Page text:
by Jim Law
Over the past several years, I have been on a quest of improving Linden’s wine quality. We have a good regional reputation and the wines have gotten favorable reviews, but ever since I ‘forced’ myself to taste the best examples of the worlds’ wines, I understood that there was still a lot more room for improvement. I designed a program of visits, readings, and tastings that lead me to the winegrowing philosophies and techniques that are now in place at Linden. If there was one common thread of the producers I talked to, read about, or visited, and could sum it up in one word, it would be ‘cuts’.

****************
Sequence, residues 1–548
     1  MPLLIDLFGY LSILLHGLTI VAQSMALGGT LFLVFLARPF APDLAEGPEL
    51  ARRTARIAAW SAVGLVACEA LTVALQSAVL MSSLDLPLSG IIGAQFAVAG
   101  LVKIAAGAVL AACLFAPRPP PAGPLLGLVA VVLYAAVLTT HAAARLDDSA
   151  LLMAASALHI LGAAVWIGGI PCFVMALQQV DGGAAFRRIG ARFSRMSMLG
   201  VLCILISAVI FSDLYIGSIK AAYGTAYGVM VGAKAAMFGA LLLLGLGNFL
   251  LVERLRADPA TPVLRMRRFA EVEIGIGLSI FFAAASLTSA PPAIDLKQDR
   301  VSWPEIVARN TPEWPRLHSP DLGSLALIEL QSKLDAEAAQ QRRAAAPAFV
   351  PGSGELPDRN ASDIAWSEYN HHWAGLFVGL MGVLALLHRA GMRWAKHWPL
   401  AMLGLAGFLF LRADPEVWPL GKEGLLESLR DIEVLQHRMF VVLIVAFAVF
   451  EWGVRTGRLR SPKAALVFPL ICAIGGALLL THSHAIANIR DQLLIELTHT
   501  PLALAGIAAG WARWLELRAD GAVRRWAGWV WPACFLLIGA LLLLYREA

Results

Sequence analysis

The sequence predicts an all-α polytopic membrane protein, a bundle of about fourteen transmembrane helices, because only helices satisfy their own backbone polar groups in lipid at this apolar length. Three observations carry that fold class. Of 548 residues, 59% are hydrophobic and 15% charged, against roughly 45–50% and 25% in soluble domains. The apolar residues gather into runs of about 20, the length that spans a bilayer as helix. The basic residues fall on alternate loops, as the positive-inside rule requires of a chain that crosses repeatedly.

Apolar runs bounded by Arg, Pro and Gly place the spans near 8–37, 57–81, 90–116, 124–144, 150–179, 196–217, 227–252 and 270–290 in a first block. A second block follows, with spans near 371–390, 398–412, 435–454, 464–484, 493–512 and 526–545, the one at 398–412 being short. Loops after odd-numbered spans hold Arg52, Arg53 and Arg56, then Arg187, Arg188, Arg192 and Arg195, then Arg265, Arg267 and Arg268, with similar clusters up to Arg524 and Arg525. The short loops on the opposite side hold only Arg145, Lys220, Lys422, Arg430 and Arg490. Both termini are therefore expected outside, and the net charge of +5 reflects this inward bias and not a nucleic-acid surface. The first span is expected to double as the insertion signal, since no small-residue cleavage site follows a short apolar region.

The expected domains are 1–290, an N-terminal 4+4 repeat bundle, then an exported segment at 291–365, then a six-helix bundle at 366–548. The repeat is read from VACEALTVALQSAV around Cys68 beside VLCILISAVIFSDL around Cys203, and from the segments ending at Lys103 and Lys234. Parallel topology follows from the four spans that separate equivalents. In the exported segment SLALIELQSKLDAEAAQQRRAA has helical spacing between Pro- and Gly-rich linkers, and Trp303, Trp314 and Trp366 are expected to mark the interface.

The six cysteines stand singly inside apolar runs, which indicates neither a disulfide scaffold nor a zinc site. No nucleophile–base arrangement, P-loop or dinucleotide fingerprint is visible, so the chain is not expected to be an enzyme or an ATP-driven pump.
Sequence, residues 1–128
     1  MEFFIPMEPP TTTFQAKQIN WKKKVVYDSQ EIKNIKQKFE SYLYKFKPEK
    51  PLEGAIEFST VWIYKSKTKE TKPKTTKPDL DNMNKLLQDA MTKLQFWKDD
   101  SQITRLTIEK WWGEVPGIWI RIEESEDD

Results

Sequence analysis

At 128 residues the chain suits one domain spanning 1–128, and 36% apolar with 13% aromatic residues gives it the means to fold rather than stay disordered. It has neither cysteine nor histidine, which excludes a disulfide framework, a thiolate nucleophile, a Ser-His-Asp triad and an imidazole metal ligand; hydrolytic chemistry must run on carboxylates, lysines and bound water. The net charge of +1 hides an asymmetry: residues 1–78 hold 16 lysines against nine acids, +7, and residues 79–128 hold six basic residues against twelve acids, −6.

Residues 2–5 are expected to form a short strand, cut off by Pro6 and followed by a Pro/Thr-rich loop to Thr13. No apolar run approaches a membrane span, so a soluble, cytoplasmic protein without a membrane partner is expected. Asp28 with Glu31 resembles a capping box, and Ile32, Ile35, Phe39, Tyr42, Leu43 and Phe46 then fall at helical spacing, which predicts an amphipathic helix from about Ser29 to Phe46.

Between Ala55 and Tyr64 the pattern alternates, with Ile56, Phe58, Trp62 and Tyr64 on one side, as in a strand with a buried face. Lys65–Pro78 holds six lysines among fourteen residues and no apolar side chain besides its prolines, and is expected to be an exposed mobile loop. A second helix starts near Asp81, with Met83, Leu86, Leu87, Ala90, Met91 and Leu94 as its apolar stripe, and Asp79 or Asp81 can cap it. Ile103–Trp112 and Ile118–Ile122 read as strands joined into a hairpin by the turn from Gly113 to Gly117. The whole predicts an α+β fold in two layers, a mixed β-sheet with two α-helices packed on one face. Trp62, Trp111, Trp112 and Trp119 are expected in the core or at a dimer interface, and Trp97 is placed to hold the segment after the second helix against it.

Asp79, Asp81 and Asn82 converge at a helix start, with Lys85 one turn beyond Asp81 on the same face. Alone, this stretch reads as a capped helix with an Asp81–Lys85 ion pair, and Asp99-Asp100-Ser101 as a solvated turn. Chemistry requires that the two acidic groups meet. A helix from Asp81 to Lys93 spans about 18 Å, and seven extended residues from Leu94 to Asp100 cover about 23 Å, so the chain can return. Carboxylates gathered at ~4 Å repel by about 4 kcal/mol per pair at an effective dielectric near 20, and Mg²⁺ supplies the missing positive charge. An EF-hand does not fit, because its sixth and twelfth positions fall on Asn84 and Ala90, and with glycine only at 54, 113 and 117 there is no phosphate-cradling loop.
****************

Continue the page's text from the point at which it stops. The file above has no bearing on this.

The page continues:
There are many other sexier winegrowing words in many languages for cuts; triage, declassification, sorting, selection, tranch, but I prefer the simplicity of cuts. Cuts probably encapsulates the difference between small lot artisan winegrowing and “food science” technology driven winemaking. Most cuts are made by palate preferences, intuition, and intimacy with one’s vines and wine evolution rather than pH, cash flow, or a marketing department. At Linden, once the grapes begin to ripen, most of our winemaking decisions are based on taste and vineyard block history. I will discuss the programs that we are implementing at Linden both in the vineyard and cellar. I might add that this is all very expensive in terms of reduced volume, time and logistics, and that it has only been a somewhat recent phenomenon that our market has evolved to the point that there are enough consumers who have the palate, respect, and disposable income to support our endeavors.